> > some reliability.
> >
> > However, given the latest rumblings and ruminations about Oracle
> > potentially no longer selling entitlements for Solaris 10 on non-Sun
> > hardware -- and then turning around and no longer allowing you to run
> > Solaris 10 "freely", we're left with either OpenSolaris or looking at
> > Linux again (we run Solaris 10 on Silicon Mechanics hardware).
>
> Is there some problem with OpenSolaris or NexentaStor?
>

Maybe not, but am trying to see what options there are on the Linux
side.

The "delayed allocation" features in ext4 (and xfs, reiser4) sound
interesting. Might give a little performance boost for synchronous
write workloads....

[ We like Nexenta and OpenSolaris just fine, but really like the
stability guarantee Solaris gives us -- much like RHEL. Would rather
not have to worry (as much) about needing to reboot storage boxes and
even though I have confidence in OpenSolaris, it's still more of a
moving / changing target. Not to say we won't ultimately go in that
direction though. ]

Thanks,
Ray
_______________________________________________
CentOS mailing list
CentOS@centos.org
http://lists.centos.org/mailman/listinfo/centos
 
Old 04-22-2010, 09:06 PM
"nate"
 
Default OT: Caching synchronous writes

Ray Van Dolson wrote:

> The "delayed allocation" features in ext4 (and xfs, reiser4) sound
> interesting. Might give a little performance boost for synchronous
> write workloads....

Doesn't delayed allocation defeat the purpose of a synchronous write?

I think what you want is a proper storage array with mirrored write
cache.

nate


_______________________________________________
CentOS mailing list
CentOS@centos.org
http://lists.centos.org/mailman/listinfo/centos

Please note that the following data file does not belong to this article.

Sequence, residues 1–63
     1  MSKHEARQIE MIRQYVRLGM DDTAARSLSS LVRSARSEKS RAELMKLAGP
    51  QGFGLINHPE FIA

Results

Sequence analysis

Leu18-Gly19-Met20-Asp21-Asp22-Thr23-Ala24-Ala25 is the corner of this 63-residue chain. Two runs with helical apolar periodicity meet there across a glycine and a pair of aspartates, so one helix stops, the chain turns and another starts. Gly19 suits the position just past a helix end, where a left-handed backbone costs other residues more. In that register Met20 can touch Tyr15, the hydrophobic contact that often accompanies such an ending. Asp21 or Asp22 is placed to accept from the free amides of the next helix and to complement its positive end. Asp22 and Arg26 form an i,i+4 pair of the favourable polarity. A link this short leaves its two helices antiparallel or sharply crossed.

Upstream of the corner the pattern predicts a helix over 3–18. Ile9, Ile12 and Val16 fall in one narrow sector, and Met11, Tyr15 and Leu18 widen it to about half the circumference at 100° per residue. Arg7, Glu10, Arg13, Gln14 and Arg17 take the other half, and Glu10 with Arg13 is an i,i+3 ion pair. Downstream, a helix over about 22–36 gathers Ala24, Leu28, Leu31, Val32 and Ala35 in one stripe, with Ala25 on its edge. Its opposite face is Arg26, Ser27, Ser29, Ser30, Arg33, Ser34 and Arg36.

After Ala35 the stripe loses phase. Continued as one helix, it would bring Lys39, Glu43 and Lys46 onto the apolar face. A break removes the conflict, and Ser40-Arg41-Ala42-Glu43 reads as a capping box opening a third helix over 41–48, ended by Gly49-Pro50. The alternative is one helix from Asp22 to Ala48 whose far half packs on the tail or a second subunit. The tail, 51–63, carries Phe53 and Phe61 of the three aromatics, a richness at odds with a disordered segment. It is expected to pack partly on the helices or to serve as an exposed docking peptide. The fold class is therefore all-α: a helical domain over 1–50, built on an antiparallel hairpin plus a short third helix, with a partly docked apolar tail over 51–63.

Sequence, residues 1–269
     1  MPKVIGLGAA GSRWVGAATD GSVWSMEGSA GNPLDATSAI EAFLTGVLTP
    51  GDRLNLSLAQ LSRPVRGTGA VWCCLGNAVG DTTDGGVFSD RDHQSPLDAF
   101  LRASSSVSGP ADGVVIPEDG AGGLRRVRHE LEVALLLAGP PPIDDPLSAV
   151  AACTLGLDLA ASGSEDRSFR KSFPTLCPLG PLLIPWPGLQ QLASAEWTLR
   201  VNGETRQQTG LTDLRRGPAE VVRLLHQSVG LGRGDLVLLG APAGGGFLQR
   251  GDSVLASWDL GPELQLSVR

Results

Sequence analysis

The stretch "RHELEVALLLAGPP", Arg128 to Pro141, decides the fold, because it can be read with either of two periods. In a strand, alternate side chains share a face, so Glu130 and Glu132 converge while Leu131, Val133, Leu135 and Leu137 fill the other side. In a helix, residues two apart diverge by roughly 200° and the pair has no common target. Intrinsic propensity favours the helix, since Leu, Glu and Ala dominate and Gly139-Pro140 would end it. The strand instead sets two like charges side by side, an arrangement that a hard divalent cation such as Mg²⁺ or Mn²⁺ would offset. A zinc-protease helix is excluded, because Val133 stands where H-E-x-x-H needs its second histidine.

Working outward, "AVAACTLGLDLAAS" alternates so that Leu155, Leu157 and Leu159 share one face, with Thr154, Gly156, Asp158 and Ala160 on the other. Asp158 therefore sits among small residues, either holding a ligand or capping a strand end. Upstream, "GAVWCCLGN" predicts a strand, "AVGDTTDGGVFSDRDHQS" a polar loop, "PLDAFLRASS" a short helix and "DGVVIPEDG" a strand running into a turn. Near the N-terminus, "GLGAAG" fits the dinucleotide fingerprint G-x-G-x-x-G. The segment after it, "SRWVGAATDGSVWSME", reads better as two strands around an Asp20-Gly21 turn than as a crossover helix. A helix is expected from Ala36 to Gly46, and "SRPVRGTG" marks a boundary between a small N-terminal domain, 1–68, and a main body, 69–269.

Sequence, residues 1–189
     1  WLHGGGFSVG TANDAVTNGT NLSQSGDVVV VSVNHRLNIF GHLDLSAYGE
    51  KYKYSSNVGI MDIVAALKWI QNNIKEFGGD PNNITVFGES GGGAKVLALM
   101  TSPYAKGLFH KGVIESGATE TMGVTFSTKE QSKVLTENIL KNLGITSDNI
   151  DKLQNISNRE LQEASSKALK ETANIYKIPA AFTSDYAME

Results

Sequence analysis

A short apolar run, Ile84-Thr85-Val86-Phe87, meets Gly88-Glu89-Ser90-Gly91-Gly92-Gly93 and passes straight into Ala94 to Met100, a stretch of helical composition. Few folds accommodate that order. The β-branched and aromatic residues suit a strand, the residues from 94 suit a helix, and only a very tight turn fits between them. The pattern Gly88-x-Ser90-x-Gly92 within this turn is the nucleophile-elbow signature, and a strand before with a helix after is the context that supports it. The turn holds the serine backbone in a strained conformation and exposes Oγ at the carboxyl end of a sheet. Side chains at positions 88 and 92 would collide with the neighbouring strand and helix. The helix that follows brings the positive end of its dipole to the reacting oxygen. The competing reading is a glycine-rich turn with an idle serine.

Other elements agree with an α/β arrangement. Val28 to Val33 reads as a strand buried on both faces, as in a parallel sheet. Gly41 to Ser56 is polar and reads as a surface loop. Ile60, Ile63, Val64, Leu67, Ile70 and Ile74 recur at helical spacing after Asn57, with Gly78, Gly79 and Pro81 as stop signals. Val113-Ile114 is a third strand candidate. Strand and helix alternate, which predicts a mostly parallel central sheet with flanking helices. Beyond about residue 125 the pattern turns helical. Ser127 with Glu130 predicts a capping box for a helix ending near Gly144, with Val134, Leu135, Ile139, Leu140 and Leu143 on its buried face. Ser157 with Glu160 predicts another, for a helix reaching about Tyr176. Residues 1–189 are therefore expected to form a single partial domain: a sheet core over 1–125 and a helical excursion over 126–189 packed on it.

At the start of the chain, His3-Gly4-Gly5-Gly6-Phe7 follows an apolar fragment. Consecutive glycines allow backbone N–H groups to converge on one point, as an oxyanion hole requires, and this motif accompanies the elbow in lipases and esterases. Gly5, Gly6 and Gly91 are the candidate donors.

Old 04-22-2010, 10:25 PM
Ray Van Dolson
 
Default OT: Caching synchronous writes

On Thu, Apr 22, 2010 at 02:06:47PM -0700, nate wrote:
> Ray Van Dolson wrote:
>
> > The "delayed allocation" features in ext4 (and xfs, reiser4) sound
> > interesting. Might give a little performance boost for synchronous
> > write workloads....
>
> Doesn't delayed allocation defeat the purpose of a synchronous write?

I don't know for sure. From reading, it sounds like as far as data
integrity is concerned it would fall somewhere between complete
write-through synchronous writes and asynchronous writes.

> I think what you want is a proper storage array with mirrored write
> cache.

Which is what we have with ZFS + SSD-based ZIL for far less money than
a NetApp.

This[1] sounds interesting...

Ray

[1] http://lkml.org/lkml/2010/4/5/41
_______________________________________________
CentOS mailing list
CentOS@centos.org
http://lists.centos.org/mailman/listinfo/centos
 
Old 04-22-2010, 10:50 PM
John R Pierce
 
Default OT: Caching synchronous writes

Ray Van Dolson wrote:
>> I think what you want is a proper storage array with mirrored write
>> cache.
>>
>
> Which is what we have with ZFS + SSD-based ZIL for far less money than
> a NetApp.
>

not unless you have a pair of them configured as an active/standby HA
cluster, sharing dual port disk storage, and some how (magic?) mirroring
the cache pool so that if the active storage controller/server fails,
the standby can take over wthout losing a single write.


_______________________________________________
CentOS mailing list
CentOS@centos.org
http://lists.centos.org/mailman/listinfo/centos
 
Old 04-22-2010, 10:57 PM
"nate"
 
Default OT: Caching synchronous writes

John R Pierce wrote:
> Ray Van Dolson wrote:
>>> I think what you want is a proper storage array with mirrored write
>>> cache.
>>>
>>
>> Which is what we have with ZFS + SSD-based ZIL for far less money than
>> a NetApp.
>>
>
> not unless you have a pair of them configured as an active/standby HA
> cluster, sharing dual port disk storage, and some how (magic?) mirroring
> the cache pool so that if the active storage controller/server fails,
> the standby can take over wthout losing a single write.
>

OT too but really thought this was a good post/thread on ZFS

http://www.mail-archive.com/zfs-discuss@opensolaris.org/msg18898.html

"ZFS is designed for high *reliability*"
[..]